Some Trump allies in Congress are already backing his 2025 ideas on deportations and pardons on January 6

(Eric Gay/associated press)

Some Trump allies in Congress are already backing his 2025 ideas on deportations and pardons on January 6

Elections 2024, Immigration and the Border


March 30, 2024

As Donald Trump campaigns on promises of mass deportations and pardons for those convicted in the January 6, 2021 Capitol riot, his ideas are being met with little resistance and some enthusiasm by a new era of Republicans in Congress.

It’s a shift from the first time the presumptive Republican presidential nominee faced initial skepticism and the occasional uproar of condemnation.

Rather than being dismissed as campaign puffery or Trump speaking his mind to rouse his most committed voters, his words are being adopted as party platforms, potentially moving quickly from rhetoric to reality, with a West Wing in waiting and crucial support from important quarters. Capitol Hill.

We’re going to have to deport some people, Republican Sen. JD Vance of Ohio, one of Trump’s biggest supporters, said days after campaigning with Trump in his home state.

While Democratic President Biden and his allies are sounding the alarm about Trump’s proposed agenda for a second term and his promise that he would be a “dictator,” the Republican Party in Congress is undergoing a massive political realignment only on day one toward of Trump’s Make America Great Weather movement.

Republican Senate Majority Leader Mitch McConnell of Kentucky, who has clashed with Trump at times, especially over the Capitol riot, while also pushing through dozens of his judicial picks, is preparing to step down from his leadership role at the end of the year. House Speaker Mike Johnson (R-La.) is under constant threat of impeachment.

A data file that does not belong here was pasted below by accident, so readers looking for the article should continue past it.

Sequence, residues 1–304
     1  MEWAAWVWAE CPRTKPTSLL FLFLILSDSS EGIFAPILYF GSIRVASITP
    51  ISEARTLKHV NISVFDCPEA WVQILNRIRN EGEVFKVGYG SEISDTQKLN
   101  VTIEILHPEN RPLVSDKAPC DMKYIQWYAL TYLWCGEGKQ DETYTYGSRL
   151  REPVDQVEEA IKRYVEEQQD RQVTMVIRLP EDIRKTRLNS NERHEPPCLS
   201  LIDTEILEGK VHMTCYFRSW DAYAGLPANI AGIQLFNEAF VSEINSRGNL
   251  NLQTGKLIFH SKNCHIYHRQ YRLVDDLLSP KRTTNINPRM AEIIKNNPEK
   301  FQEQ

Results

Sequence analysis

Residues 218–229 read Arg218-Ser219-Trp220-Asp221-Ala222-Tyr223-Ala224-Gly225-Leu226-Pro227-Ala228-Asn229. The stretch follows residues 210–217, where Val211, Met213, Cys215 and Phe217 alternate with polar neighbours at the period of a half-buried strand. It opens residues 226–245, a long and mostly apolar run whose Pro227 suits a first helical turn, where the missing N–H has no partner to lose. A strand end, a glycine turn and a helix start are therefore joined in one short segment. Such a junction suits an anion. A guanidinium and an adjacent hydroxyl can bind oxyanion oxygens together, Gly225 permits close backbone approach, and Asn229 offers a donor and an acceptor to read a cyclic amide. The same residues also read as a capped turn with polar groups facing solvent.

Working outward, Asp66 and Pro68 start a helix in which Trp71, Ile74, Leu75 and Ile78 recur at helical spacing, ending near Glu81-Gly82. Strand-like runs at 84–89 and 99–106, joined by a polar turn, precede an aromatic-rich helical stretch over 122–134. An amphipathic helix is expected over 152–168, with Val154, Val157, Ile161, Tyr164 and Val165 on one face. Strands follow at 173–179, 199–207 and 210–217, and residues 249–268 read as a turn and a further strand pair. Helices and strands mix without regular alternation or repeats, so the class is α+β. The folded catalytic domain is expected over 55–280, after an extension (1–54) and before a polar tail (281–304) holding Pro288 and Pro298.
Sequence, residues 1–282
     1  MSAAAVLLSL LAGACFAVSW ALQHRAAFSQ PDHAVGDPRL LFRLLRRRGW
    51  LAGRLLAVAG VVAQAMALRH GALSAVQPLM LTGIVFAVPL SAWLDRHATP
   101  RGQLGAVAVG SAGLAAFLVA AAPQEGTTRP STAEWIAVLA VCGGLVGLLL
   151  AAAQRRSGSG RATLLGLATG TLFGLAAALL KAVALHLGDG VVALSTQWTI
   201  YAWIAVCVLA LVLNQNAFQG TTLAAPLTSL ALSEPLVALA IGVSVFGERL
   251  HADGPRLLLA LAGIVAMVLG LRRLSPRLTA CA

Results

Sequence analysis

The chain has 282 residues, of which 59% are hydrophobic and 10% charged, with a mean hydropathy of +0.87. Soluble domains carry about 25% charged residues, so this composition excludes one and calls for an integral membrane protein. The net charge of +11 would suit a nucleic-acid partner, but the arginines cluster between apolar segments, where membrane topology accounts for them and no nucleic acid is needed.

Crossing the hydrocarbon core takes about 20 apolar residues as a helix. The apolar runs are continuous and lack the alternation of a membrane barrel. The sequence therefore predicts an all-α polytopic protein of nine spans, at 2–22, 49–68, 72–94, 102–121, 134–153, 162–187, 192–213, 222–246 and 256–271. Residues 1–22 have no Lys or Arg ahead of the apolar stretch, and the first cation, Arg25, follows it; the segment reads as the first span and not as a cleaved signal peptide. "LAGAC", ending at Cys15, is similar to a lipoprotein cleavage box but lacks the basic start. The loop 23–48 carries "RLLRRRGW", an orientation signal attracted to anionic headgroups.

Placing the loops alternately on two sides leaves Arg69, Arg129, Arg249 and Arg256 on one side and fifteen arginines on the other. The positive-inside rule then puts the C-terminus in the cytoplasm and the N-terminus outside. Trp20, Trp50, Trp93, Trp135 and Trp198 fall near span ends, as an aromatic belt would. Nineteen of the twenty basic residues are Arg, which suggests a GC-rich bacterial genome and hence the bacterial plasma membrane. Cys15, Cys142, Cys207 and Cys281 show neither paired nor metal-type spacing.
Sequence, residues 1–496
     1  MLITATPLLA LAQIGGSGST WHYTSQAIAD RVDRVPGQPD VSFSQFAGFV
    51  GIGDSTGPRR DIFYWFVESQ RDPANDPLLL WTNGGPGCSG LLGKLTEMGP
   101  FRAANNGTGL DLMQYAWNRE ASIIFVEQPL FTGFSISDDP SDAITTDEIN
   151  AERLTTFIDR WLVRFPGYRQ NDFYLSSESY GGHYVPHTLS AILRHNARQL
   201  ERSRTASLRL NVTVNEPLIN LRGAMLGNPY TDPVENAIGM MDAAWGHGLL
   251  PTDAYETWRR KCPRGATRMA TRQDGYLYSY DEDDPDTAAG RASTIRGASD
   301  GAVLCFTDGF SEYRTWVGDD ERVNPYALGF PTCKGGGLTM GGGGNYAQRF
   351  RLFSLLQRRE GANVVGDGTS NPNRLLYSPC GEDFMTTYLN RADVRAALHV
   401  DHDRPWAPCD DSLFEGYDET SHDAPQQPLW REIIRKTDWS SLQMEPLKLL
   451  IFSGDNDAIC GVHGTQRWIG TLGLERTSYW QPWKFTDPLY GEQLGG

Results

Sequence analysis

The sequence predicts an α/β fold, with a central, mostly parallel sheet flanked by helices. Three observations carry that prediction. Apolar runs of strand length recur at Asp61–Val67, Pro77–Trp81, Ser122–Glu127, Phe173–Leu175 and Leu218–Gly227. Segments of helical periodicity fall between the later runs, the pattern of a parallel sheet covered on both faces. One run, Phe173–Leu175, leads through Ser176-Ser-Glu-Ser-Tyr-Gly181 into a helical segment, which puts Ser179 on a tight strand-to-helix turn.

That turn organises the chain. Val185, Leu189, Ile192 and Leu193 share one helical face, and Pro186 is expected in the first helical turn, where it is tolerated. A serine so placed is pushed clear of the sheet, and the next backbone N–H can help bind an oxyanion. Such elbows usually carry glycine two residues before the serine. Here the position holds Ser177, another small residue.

Rising in the churn are MAGA-related newcomers like Vance, who was not yet elected during Trump’s presidency, and Rep. Marjorie Taylor Greene of Georgia, who was elected when Trump lost to Biden in 2020. Both Vance and Greene are considered potential. Trump’s vice presidential picks.

Greene, who recently introduced a motion to potentially force Johnson out of the speakership, said it is too early to discuss a second-term policy agenda or who will fill the positions in the West Wing.

As she campaigns for Trump, she said her priority is just winning the election.

Other Republicans in the House of Representatives and Senate often simply shrug when asked about Trump’s agenda, pointing to policies they like and policies they might support.

Meanwhile, in Washington, a cast of former Trump White House officials is busy releasing policy papers, drafting executive actions and preparing legislation that would be needed to make Trump’s ideas a reality. These efforts are separate from Trump’s campaign, whose senior leaders have repeatedly emphasized that outside groups do not speak for them, although many group leaders would be eligible to serve in a new Trump administration.

If Trump wins, we have a plan and the staff is ready to hit the ground running, said Paul Dans, a former Trump administration official who heads the conservative Heritage Foundation’s Project 2025, which collects and compiles thousands of resumes. is training staff for a possible second Trump. administration.

Trump himself has proposed placing a very small desk on the Capitol steps so he can sign documents on Inauguration Day, January 20, 2025.

On the first day of President Trump’s new administration, Americans will have a strong leader,” said Karoline Leavitt, the campaign’s national press secretary.

During the first Trump administration, Congress sometimes retreated, with a group of Republicans joining Democrats in blocking some of his proposals.